in

In Defence Of Deviance

Language With Literary Clout

“If ‘twere done…”

Are you sitting comfortably and have you got your thinking-hats on? Yes? Well, then, I’ll begin.

“…then ‘twere well it were done quickly…” (1)

and

“Better do it fast.” (2)

Think about these two quotes. Do they match that great puncher-line boxer, Mohammed Ali – “…..floats like a butterfly / Stings like a bee (which dies after sting-time). / He is the greatest, (boxer for some years) / Mohammed Ali!”? But I’m not trying to compete (at least not consciously). I just want you to vote on those two quotes, on which one impresses you more. You’re allowed 0 – 10.

I think you will give more marks to the first quote (“If ’twere done, then ’twere well it were done quickly”) because it is deviant English and so impresses more. “Better do it fast” is normal and prosaic and we say and hear it wherever and whenever, but not so number (1). It isn’t in common circulation. If my hypothesis is OK with you, then deviant English gets the prize.

Now, the most deviant English is poetry, and nobody reads it and no conventional publishing-house publishes it. Independent poets do publish and they find a marvellous audience. They rank on Amazon in the 1 – 8,500,000 at about – yep, you’ve guessed it – at about 8,500,000 (if they’re lucky).

And yet deviant English strikes harder, is better, and is more than just exciting.

Source

So, what’s the problem? Poetry and deviance are ab-normal, not easy, not acceptable. To write well, I mean really well, is not going to make you a best-selling author even though it gives you lots of satisfaction. Maybe my contention here is wrong but I don’t think abnormal English is generally accepted.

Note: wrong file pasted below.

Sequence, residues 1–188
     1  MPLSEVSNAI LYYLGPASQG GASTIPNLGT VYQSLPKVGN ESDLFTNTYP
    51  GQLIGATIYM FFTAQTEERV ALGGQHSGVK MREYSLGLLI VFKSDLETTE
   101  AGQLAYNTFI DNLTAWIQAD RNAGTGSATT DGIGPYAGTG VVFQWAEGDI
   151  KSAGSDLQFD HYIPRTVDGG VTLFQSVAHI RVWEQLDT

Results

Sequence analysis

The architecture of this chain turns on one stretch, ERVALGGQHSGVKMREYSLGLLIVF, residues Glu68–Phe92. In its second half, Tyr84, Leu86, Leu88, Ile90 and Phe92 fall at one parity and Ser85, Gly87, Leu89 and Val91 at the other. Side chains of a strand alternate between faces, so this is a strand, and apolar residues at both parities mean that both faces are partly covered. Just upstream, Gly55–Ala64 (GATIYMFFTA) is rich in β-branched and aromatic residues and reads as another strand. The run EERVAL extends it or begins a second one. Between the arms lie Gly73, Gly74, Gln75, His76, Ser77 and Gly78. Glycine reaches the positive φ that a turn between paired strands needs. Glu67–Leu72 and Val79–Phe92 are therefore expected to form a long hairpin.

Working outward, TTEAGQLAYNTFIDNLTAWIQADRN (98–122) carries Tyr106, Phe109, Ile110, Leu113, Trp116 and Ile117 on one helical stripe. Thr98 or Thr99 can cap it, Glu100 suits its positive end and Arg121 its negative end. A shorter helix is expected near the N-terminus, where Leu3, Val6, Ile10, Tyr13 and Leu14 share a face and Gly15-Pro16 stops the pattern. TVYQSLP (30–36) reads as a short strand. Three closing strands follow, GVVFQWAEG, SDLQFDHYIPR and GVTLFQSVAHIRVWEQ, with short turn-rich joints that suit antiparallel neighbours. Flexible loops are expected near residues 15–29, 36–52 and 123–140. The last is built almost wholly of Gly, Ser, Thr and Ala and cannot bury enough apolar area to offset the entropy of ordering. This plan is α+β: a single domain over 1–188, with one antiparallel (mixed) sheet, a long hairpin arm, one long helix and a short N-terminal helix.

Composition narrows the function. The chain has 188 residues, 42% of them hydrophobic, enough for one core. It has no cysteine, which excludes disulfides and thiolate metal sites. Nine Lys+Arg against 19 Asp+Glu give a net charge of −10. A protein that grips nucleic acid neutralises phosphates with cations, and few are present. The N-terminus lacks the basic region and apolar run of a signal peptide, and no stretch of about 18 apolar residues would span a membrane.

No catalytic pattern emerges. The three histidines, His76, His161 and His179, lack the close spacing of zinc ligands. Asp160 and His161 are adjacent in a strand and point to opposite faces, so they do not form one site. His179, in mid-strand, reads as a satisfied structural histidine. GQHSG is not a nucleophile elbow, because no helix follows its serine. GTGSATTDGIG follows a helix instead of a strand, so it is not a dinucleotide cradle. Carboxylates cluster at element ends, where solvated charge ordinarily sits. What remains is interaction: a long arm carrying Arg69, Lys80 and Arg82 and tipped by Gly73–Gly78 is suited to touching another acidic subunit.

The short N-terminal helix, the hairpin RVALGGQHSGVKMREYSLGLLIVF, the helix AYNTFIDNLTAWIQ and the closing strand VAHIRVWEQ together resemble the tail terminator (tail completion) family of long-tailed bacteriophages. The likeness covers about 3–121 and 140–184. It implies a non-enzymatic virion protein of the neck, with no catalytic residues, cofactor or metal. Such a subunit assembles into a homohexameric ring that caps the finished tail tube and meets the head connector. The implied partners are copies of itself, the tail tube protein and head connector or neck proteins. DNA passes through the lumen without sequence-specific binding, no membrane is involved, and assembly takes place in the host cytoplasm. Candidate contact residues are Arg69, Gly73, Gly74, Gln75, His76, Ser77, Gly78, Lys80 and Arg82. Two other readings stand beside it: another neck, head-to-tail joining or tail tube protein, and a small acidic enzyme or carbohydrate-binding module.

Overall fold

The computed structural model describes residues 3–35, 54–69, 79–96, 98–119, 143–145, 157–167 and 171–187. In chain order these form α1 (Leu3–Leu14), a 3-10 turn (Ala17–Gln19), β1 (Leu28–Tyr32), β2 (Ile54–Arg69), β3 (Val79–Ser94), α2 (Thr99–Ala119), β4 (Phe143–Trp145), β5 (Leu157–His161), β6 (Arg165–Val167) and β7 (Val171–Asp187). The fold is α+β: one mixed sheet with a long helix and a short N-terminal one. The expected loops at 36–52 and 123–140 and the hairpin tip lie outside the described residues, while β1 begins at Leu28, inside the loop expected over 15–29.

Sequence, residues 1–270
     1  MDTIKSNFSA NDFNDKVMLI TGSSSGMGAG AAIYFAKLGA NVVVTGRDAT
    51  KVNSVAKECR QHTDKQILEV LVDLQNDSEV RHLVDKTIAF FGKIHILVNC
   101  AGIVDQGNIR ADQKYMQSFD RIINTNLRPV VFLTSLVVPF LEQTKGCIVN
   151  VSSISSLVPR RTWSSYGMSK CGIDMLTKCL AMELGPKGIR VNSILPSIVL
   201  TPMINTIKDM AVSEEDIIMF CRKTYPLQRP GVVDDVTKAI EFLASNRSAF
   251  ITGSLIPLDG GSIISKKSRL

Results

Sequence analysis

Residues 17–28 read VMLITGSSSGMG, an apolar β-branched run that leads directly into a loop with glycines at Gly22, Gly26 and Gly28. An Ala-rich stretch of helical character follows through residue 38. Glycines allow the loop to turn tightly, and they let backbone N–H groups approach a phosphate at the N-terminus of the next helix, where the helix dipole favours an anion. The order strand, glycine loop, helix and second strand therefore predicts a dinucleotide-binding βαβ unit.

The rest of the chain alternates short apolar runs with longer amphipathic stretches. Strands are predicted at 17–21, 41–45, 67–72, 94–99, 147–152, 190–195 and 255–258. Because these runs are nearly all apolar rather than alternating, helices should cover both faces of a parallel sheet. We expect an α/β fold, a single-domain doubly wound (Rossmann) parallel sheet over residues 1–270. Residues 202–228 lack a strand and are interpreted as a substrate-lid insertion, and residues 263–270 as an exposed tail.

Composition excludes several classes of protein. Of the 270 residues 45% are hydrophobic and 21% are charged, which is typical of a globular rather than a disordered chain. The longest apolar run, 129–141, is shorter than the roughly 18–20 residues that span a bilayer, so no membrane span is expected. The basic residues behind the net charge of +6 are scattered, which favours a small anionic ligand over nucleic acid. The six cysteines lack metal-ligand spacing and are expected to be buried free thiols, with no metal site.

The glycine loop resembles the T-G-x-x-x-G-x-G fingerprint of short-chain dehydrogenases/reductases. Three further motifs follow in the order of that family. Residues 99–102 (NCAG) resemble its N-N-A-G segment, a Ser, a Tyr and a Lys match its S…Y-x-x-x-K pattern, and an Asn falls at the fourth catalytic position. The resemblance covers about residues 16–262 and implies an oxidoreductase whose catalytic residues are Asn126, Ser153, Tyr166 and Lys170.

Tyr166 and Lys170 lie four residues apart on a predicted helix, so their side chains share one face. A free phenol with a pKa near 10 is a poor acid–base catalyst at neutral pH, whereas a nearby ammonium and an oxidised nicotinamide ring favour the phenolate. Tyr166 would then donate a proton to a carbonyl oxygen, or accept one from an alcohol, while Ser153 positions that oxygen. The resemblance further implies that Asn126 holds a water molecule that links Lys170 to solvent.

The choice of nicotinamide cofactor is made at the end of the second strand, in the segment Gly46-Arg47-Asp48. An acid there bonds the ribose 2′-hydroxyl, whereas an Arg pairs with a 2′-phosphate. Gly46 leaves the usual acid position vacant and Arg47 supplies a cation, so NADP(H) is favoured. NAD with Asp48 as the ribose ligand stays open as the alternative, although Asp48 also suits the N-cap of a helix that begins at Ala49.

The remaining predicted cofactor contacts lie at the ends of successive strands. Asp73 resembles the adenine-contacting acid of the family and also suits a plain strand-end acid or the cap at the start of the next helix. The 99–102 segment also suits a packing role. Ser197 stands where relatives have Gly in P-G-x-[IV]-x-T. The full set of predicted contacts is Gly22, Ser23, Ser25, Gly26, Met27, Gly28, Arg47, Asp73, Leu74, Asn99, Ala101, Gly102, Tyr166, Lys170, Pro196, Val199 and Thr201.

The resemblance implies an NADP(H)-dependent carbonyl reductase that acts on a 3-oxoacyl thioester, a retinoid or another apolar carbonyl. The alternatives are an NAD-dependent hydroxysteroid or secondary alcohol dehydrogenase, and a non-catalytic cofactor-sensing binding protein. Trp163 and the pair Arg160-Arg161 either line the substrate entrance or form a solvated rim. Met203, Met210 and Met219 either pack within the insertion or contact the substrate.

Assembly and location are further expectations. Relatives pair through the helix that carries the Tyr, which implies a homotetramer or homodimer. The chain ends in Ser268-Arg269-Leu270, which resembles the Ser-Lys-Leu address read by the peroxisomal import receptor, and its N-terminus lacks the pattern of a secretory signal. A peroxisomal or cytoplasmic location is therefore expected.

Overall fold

However, I hope I’ve (kind of) defended deviant language.

What do you think?

13 points

21 Comments

Leave a Reply
  1. Sadly I think the Internet is leading us all towards brevity – we want a quick headline, perhaps a nice picture and if we’re really interested a paragraph or two. The world in general has lost the art of really taking the time to think about things.

    Which means that deviant English will become some archaic thing of the past sadly – even though it will always be my preference…

  2. I see your point very clearly…..but…..when Macbeth is beating about the bush (he’s thinking of murder!) he is likely not to be brief because he is very frightened of what he’s getting himself into. The words he uses clash, too, so in the end I’ll go for Shakespeare’s getting his “hero” into a pickle even with language. Shakespeare’s the guy who really knew deviance and he’s going to make his falling characters as bent as pins!

  3. Interesting thoughts on this topic. Most people do like brevity, but being able to communicate clearly and succinctly is a skill that takes time and effort to develop. As a word lover I like thought-provoking verbiage and as an artist I like things that are different so I’ll go with the first quote for this post.

Leave a Reply